It was interesting, because I didn’t have any preconceived notions of what the film would look like in terms of narrative or even having a shooting script that we would religiously follow. It organically happened after those conversations with the families. And, looking back at the media over the last thirty years, I think a lot of the times their voices were erased from a lot of the media coverage. And so essentially, this became an opportunity for them, at the end of thirty years, in this enormous legal battle to be able to speak in an unfiltered and raw way.
I felt it was really important that Australians and the world could see how the impact of not only having your child murdered, but also facing racism from the police and authorities in those early days of the first investigation, how that actually impacts these families, and they have to live with it every day, and what kind of grief and trauma comes with that. So it was important that we made a film that made people bear witness to what this and the police response has done to that community.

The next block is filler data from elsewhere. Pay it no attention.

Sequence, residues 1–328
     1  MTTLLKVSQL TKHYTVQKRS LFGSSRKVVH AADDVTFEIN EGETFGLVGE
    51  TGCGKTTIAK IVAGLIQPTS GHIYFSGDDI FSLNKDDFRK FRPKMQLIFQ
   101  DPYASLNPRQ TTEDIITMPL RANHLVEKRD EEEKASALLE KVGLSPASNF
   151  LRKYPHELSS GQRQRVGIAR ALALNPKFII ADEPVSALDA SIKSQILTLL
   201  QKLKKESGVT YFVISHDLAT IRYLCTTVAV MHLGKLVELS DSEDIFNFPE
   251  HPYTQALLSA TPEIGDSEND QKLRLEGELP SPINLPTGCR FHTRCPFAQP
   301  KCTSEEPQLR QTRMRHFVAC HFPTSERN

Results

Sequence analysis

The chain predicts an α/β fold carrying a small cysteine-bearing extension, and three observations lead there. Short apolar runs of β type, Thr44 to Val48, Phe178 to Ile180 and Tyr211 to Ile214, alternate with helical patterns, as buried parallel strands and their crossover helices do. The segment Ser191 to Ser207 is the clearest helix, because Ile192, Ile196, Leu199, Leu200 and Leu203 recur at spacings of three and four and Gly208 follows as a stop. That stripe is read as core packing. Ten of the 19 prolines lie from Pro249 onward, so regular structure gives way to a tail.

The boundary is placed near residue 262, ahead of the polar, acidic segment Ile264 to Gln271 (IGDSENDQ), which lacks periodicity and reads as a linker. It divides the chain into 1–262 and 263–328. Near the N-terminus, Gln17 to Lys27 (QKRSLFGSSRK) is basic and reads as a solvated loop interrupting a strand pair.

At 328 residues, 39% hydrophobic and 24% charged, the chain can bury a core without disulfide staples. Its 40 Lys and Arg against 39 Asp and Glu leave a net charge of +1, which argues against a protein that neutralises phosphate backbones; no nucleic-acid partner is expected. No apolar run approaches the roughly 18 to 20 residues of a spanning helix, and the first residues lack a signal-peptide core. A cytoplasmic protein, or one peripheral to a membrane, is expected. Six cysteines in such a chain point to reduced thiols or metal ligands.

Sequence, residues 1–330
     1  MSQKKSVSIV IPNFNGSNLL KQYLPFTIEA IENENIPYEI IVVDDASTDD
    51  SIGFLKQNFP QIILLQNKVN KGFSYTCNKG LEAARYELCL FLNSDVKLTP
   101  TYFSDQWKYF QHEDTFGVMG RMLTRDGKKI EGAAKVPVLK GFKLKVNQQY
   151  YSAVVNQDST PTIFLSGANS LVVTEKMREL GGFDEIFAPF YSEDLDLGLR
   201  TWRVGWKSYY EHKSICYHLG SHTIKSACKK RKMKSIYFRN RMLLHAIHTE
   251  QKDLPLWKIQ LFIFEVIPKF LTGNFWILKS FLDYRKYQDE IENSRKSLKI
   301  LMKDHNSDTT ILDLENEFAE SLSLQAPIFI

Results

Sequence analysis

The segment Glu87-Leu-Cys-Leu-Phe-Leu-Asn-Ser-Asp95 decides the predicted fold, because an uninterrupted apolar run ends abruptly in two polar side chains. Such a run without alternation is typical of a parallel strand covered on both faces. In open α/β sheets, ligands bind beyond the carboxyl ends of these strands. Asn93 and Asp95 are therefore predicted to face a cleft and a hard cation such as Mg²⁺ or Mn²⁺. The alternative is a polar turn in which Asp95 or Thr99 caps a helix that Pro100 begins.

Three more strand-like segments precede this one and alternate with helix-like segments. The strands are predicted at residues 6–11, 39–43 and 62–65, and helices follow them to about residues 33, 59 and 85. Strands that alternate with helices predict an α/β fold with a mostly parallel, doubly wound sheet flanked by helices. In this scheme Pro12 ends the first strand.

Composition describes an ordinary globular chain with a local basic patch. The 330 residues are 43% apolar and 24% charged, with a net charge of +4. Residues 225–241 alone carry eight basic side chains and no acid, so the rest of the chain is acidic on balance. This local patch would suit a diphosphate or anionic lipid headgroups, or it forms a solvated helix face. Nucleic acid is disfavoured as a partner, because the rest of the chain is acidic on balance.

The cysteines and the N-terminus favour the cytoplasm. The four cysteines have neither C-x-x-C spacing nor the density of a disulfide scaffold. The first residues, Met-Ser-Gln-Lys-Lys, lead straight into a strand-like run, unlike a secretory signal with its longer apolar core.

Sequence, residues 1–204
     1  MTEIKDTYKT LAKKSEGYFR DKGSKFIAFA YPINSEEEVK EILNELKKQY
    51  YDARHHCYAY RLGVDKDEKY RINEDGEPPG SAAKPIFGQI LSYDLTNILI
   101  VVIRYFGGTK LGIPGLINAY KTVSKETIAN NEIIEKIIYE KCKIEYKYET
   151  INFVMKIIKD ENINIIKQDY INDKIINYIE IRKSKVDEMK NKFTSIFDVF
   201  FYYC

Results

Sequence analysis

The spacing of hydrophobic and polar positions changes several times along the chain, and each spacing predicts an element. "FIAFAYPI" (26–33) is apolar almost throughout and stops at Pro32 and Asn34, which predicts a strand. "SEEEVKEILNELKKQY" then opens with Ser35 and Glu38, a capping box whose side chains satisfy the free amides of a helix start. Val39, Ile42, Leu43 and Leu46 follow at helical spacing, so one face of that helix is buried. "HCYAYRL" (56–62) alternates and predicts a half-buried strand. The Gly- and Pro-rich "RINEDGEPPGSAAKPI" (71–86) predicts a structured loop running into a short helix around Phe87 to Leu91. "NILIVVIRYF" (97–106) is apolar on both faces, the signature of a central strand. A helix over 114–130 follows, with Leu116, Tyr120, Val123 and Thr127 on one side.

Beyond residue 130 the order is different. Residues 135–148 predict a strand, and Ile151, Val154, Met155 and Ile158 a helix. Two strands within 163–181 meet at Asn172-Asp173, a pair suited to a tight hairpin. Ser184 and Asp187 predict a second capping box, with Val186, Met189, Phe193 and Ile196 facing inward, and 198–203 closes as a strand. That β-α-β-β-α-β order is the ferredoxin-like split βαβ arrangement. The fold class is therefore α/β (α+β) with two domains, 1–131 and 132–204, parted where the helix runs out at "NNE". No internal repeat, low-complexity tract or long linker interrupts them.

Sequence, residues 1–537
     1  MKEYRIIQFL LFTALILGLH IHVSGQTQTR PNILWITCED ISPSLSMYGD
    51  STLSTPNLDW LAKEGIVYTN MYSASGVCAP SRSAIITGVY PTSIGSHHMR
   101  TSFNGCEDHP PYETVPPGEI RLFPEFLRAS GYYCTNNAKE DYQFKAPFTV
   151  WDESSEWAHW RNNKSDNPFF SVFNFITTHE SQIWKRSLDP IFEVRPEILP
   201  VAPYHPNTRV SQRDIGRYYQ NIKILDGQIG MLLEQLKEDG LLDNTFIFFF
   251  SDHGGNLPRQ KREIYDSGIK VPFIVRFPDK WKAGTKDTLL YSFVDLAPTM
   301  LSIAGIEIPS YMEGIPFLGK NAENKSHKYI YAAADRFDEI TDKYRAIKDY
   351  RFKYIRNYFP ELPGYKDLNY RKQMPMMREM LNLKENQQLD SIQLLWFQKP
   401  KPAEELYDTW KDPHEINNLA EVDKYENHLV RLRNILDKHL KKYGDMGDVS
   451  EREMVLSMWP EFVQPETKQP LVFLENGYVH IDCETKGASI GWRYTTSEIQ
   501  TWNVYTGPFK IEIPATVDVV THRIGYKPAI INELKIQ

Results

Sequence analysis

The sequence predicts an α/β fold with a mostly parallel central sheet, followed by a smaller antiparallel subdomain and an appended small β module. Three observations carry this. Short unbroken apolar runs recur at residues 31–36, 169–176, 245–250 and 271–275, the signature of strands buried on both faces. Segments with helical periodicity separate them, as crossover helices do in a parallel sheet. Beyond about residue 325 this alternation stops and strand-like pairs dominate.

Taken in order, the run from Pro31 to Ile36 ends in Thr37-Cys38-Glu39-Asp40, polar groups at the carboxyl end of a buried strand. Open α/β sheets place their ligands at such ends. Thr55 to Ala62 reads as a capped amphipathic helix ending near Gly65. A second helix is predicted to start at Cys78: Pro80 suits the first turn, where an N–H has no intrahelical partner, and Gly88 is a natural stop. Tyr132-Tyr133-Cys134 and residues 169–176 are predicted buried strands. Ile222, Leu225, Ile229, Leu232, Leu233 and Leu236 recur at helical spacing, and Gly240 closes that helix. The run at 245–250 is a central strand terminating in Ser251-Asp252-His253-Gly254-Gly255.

There has been this proliferation and real interest over the past decade in true crime stories. And one of the things which I noted was that unlike a film like The Thin Blue Line or Paradise Lost trilogy or The Jinx where there is this sense of closure for the people in those stories, all of those subjects are white. Whereas there is no sense of closure here for the families, for the victims. How do you manage the balance of knowing that there is no real closure within this particular story and trying to deliver what is really becoming quite a popular format of filmmaking of storytelling in true crime stories?